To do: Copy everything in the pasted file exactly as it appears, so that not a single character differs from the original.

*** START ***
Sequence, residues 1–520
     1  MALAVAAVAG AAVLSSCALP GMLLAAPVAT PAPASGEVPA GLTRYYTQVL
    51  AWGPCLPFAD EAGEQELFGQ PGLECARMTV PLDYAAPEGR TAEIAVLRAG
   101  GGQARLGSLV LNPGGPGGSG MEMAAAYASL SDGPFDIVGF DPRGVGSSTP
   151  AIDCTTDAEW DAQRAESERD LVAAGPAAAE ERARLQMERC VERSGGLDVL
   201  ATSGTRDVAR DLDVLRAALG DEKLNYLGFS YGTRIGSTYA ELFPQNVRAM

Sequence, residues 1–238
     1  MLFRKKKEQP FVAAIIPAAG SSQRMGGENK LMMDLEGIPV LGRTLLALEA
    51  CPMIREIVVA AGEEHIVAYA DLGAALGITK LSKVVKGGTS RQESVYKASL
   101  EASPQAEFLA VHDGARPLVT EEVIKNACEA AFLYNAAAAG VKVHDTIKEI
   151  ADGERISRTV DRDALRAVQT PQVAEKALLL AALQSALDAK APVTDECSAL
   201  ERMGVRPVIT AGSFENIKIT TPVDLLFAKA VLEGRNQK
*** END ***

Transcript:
Sequence, residues 1–520
     1  MALAVAAVAG AAVLSSCALP GMLLAAPVAT PAPASGEVPA GLTRYYTQVL
    51  AWGPCLPFAD EAGEQELFGQ PGLECARMTV PLDYAAPEGR TAEIAVLRAG
   101  GGQARLGSLV LNPGGPGGSG MEMAAAYASL SDGPFDIVGF DPRGVGSSTP
   151  AIDCTTDAEW DAQRAESERD LVAAGPAAAE ERARLQMERC VERSGGLDVL
   201  ATSGTRDVAR DLDVLRAALG DEKLNYLGFS YGTRIGSTYA ELFPQNVRAM

Sequence, residues 1–238
     1  MLFRKKKEQP FVAAIIPAAG SSQRMGGENK LMMDLEGIPV LGRTLLALEA
    51  CPMIREIVVA AGEEHIVAYA DLGAALGITK LSKVVKGGTS RQESVYKASL
   101  EASPQAEFLA VHDGARPLVT EEVIKNACEA AFLYNAAAAG VKVHDTIKEI
   151  ADGERISRTV DRDALRAVQT PQVAEKALLL AALQSALDAK APVTDECSAL
   201  ERMGVRPVIT AGSFENIKIT TPVDLLFAKA VLEGRNQK